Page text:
2021 Remote Critical Race and Ethnic Studies Summer Courses

    Critical Race and Ethnic Studies: An Introduction (5 credits)

  • CRES 10

    Session 1

    Examines the concept of race, followed by an investigation of colorblindness, multiculturalism, and post-racialism. Race and ethnicity are examined as historically formulated in relationship to the concepts of gender, sexuality, class, nationalism, indigeneity, citizenship, immigration, and inequality. Requirements: Prerequisite(s): Satisfaction of the Entry Level Writing requirement. General Education Code: ER

    Proposed Instructor - Nick Mitchell

  • Organizing for Water Justice in California (5 credits)

  • CRES 136

    Session 1

    Investigates, imagines, and practices movement toward water justice in California using feminist, Indigenous, and critical race theory. The course includes collaborative projects with environmental justice organizers in the Central Valley, and offers new ways of thinking about water inequity and access through racial capitalism, settler colonialism, and critical theories of place. Crosslisted with FMST 136 and ENVS 136. General Education Code PR-E

    Proposed Instructor - Vivian Underhill

    Pending CCI Approval

  • Topics in Black Studies: Histories of Miseducation (5 credits)

  • CRES 188B

    Session 1

    This course examines the history of the idea of “miseducation” through a transnational lens across different racial and state formations. It focuses in particular on histories of the (mis)education of people of African descent, drawing on historical cases and theorizations from both the Continent and the Diaspora. Narratives and theorizations from outside of the Black and African experience also serve as a cornerstone of the course, highlighting the structural and political solidarities constructed by groups organizing around educational struggles and education as a tool of resistance in opposition to (neo)colonial structures of oppression.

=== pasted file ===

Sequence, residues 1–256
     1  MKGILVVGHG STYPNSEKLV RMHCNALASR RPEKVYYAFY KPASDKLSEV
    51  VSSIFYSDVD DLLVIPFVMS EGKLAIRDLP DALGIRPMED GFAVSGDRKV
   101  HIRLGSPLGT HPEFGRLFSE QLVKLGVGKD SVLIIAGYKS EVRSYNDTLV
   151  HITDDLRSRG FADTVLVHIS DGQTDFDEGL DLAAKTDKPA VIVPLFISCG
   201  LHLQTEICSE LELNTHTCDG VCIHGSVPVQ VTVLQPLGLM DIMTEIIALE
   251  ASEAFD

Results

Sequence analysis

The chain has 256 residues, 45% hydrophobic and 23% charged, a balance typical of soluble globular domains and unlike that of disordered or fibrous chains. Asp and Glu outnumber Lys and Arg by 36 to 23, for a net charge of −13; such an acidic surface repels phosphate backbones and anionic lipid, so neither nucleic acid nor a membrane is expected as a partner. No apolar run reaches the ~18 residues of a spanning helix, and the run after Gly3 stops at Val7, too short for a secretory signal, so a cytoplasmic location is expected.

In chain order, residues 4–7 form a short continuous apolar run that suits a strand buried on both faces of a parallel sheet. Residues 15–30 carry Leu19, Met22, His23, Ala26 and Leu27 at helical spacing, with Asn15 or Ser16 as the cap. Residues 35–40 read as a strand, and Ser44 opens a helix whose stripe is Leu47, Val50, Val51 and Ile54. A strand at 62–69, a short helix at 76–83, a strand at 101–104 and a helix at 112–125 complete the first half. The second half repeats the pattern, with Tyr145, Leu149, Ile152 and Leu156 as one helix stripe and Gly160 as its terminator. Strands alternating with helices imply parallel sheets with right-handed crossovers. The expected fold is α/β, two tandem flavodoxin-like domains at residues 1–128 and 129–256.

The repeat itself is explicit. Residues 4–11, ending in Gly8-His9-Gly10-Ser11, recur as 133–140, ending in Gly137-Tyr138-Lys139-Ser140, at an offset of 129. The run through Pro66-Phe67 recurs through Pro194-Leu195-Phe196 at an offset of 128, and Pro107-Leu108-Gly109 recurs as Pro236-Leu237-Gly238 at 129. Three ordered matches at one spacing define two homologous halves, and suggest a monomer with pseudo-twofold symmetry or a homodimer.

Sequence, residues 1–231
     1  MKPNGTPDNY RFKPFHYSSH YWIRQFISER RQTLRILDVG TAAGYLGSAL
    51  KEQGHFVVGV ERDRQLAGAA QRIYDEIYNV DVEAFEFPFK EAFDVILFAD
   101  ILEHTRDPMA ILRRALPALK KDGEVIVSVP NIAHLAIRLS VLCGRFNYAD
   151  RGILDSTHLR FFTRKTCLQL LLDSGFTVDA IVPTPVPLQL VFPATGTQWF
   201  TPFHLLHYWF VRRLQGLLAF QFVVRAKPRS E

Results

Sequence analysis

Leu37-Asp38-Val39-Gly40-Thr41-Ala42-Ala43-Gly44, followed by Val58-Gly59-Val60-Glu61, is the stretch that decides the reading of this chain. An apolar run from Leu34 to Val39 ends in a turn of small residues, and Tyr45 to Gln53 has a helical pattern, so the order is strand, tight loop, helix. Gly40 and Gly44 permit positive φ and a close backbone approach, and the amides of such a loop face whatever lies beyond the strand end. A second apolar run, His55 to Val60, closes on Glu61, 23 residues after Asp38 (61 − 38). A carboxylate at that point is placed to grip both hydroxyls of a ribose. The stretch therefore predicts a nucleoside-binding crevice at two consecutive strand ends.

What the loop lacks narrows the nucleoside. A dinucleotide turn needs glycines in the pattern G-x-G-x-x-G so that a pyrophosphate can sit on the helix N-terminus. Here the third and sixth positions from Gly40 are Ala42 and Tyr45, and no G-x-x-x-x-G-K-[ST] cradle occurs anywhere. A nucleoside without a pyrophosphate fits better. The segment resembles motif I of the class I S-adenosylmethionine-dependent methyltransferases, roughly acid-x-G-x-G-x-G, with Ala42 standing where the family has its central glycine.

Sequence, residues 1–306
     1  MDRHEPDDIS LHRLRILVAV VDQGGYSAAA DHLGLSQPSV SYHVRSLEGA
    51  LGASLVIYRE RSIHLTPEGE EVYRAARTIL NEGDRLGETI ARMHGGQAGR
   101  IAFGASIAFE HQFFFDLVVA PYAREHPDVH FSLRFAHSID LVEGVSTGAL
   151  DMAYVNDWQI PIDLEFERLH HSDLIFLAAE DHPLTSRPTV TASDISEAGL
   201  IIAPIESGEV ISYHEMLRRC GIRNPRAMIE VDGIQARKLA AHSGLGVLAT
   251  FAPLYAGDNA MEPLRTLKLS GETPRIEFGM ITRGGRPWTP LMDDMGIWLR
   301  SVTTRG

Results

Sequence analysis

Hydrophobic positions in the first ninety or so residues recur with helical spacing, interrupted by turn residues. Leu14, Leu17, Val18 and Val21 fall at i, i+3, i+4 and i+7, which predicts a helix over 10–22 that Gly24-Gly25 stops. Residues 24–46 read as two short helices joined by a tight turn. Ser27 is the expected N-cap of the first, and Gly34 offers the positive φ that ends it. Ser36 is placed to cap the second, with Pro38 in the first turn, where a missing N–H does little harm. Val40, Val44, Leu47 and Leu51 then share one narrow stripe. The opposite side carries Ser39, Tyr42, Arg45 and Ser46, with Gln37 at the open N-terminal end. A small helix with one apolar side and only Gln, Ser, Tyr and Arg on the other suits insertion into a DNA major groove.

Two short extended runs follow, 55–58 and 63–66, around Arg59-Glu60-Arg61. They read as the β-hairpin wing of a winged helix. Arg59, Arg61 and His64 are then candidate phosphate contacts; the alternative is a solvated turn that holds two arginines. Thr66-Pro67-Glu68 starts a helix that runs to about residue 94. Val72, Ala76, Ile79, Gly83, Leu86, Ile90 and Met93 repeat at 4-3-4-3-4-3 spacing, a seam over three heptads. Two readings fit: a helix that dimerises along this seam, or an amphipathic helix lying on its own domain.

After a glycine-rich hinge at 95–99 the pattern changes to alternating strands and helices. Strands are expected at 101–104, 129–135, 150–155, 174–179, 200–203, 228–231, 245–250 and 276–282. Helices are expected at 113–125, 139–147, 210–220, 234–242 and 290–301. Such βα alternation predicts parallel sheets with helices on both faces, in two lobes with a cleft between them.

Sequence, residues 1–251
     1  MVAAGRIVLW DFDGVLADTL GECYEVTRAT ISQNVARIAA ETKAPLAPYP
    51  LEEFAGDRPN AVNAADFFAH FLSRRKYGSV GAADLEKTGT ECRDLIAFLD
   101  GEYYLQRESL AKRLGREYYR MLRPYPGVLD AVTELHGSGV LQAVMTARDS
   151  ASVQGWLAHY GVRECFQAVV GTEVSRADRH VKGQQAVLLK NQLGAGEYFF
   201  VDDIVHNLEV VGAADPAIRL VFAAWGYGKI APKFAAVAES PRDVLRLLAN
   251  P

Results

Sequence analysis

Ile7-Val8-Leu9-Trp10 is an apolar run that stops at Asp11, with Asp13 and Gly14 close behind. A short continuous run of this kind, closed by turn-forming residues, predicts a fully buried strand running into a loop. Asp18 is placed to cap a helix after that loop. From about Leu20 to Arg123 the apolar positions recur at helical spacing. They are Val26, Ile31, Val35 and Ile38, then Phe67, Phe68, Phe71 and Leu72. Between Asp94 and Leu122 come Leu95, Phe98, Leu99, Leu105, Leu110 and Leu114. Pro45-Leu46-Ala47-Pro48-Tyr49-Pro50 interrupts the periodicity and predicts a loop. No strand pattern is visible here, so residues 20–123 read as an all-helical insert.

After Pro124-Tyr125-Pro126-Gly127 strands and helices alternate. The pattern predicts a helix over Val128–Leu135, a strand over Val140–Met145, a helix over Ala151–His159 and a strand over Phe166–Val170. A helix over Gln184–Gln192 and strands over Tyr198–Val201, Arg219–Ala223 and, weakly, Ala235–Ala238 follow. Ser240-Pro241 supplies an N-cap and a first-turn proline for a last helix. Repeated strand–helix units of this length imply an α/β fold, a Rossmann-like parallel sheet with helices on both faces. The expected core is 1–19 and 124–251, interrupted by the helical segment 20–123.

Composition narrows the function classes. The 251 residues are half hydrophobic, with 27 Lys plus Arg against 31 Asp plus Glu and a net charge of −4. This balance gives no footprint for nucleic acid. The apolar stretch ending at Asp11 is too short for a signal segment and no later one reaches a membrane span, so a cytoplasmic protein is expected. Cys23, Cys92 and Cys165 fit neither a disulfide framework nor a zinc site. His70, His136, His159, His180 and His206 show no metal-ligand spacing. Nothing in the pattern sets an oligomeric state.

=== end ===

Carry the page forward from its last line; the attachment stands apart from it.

Proposed Instructor - Christian Alvarado

    Pending CCI Approval

  • Eating the Other: The Racial Politics of Food in the United States (5 credits)

  • CRES 188X

    Session 2

    “Foodie” culture today is a live wire in the US American “melting pot.” From “ethnic fusion” fads to controversies over the role of racialized chefs in haute cuisine, food offers rich points of entry for theorizing race in the United States. Kyla Wazana Tompkins describes “foodie culture,” and the academic field of food studies’ co-emergence with it, as follows: “Foodie culture is founded on problematic racial politics in which white, bourgeois, urban subject positions are articulated through the consumption and informational mastery of foreign, non-Anglo-American food cultures”. This course embraces Tompkins’ critical position on the study of food, the racial politics of “eating as a social practice,” and food production, in the kitchen and well before it.  This course will not only examine scenes of cooking and eating, but also scenes from the plantation and the meatpackers, from the warfront, the militarized border, and the prison.

    Proposed Instructor - Jane Komori

    Pending CCI Approval